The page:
How To Conserve Battery Life in an RV When Boondocking

BigBatteryInc-134464-RV-When-Boondocking-blogbanner1

Anyone familiar with the RV lifestyle is familiar with boondocking. For those unfamiliar with the term, boondocking refers to parking your RV without attaching it to any hookups. Sure, there are plenty of water and electrical hookups on a campground, but when you’re out in the woods, you only rely on what your RV can do alone.

It’s good to know how to conserve battery life in an RV when boondocking to ensure you get the most out of your off grid adventures. Here are some helpful tips to preserve your battery power for as long as possible. 

Changing Out the Lights

We’re putting this tip at the top because it truly is one of the best adjustments you can make to extend your RV’s power. Standard lightbulbs in many RVs require far more energy than LED bulbs, so swapping out the original bulbs for LEDs is a good start. These new lights drain far less energy, last much longer, and come with the bonus of not generating as much heat inside your RV.

After installing LED lights in the RV, another helpful option is installing a few battery-operated lights that don’t drain your RV’s power at all. Having a few of these lights on hand and some spare batteries puts much less of a drain on your overall system.

Limit Device Charging

Even out in the wilderness, you probably have some devices that need charging. Your phones, tablets, and laptops can drain your RV’s power faster than you think. If you brought a car or truck with you, consider using it to charge your devices. As long as you have spare gas and the battery stays charged, it’s easier to get your phone back to 100% using the car.

However, if you don’t have access to a vehicle where you’re boondocking, another good idea is to have a portable charger on hand. Power banks store a lot of energy to keep your devices charged. Some chargers even have hand cranks if you want to give yourself a workout while you charge your tablet

Cut Down on Appliances

Appliances are the most significant drain on power when boondocking. Everything uses excessive energy, from the small coffee maker you use in the morning to running the air conditioner to your washer and dryer. Making your food and coffee with a portable propane stove and a percolator comes with the downside of using gas for your power, but can prevent your appliances from draining too much juice.

While most RV fridges operate on propane; they still use some electricity to keep running. You can’t do a whole lot about that, but having an ice chest on hand can limit the amount you use your refrigerator throughout your trip.

Extra Power Sources

We’ve talked about many ways things can deplete your RV’s power, but what about some of the available methods to extend it? One option people off the grid can utilize to get additional power is by using solar panels. A proper solar panel hookup can be an investment, but it comes with a plethora of bonuses that pay off in the long run.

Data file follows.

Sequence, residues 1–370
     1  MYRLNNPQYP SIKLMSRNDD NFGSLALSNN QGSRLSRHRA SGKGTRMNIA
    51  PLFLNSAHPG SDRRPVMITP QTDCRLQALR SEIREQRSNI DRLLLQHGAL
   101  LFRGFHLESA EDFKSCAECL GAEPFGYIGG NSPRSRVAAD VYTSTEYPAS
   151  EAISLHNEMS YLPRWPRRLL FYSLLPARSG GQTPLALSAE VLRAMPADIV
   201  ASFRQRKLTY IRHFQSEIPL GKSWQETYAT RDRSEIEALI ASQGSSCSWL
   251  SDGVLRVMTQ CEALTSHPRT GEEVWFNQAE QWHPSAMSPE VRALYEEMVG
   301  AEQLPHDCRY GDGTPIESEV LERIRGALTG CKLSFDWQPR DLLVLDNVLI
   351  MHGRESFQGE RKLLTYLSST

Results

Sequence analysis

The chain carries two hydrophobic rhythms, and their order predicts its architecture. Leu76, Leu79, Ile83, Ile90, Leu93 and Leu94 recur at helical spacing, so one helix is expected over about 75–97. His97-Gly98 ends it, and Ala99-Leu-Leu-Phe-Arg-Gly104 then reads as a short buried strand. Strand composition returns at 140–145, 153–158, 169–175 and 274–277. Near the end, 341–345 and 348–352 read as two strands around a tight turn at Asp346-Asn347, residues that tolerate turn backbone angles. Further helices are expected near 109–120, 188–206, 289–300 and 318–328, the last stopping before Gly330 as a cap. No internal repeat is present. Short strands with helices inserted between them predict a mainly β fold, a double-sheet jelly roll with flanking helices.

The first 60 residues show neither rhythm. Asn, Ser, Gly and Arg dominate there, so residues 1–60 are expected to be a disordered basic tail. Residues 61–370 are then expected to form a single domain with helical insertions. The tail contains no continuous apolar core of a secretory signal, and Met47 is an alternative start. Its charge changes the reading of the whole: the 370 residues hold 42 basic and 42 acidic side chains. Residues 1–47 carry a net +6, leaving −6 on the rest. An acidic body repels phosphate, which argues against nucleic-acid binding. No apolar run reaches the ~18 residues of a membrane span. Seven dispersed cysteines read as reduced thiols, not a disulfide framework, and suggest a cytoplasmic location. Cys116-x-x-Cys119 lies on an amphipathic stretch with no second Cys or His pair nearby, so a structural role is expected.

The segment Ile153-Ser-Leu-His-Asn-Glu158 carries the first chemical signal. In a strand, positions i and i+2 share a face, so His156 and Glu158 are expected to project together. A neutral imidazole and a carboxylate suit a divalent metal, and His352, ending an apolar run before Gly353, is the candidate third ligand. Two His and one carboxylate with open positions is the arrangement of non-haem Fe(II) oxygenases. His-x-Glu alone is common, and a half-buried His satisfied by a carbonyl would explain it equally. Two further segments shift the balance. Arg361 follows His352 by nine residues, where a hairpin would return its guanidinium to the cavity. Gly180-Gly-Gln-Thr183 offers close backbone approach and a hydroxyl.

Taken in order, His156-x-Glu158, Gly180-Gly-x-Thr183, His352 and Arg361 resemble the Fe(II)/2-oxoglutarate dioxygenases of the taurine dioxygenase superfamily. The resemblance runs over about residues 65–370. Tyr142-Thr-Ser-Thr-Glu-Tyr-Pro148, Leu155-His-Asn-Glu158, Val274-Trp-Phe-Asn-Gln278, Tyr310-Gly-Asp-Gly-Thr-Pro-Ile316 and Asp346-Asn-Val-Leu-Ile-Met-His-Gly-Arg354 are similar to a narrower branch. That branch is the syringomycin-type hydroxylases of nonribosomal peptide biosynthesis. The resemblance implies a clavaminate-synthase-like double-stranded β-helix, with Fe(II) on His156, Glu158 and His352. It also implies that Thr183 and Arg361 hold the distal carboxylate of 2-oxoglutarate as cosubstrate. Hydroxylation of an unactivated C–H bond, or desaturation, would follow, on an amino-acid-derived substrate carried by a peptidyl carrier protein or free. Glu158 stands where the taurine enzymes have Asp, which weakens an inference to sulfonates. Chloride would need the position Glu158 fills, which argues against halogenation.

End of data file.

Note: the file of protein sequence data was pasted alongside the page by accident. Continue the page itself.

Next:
Solar panels are entirely noiseless and don’t require any source of fuel. If you regularly bring your RV off the grid, the money you save by not buying gas will pay for itself. If you’re truly looking to take the environmental route for your power, make sure your solar panel setup is large enough to support your time boondocking without the need for a gas-powered generator.

The Best Battery Pack

You can reduce the strain on your RV’s battery pack, and you can create a system to recharge it to get additional power. But when it comes to conserving battery life in an RV when boondocking, a crucial part of this setup has the correct battery in your RV from the beginning.

Thankfully, most RVs allow you to install upgrades. A traditional RV battery is fine if you’re using it for a day trip or maybe a weekend if you’re crafty with your usage. Depending on your RV’s carrying capacity, you can install batteries of different sizes and voltages. 

When looking at battery upgrade options for your RV, there are many choices. The top-tier option is to invest in an RV lithium battery pack, like one from BigBattery.com. Lithium-ion batteries are lightweight, easy to manage, quick to charge and last for a very long time. If you take your RV off the grid regularly, it makes sense to upgrade to one of these battery packs sooner rather than later.

Sometimes individuals think that the cost of a LiFePO4 battery is a downside; however, in most cases, the use of the battery over time beats out generators or lead acids many times over. Many RVs come equipped with a more traditional lead-acid battery, typically a flooded-cell battery. While this may be the cheaper option at first, the overall savings from choosing a lithium-ion battery is significant. Depending on your RV’s carrying capacity, getting a few of lead-acid batteries is a good short-term solution but requires more maintenance and replacements in the long run.

While traveling, it’s easy to find rest areas or campgrounds to hook up your RV to a power supply and not worry about conserving power. But when that call for an adventure comes to you, or you’re just not able to find a proper hookup, knowing how to save your power for as long as possible is a vital skill.

Hopefully, this article gave you some helpful information about conserving your battery life while boondocking. For more information about lithium-ion battery packs and other upgrades, you can make to extend the life and quality of your RV, check out BigBattery and browse their wide selection of RV battery options. Give BigBattery a call at (818) 280-3091, or reach us via email at [email protected].

.

Facebook
Twitter
LinkedIn
Pinterest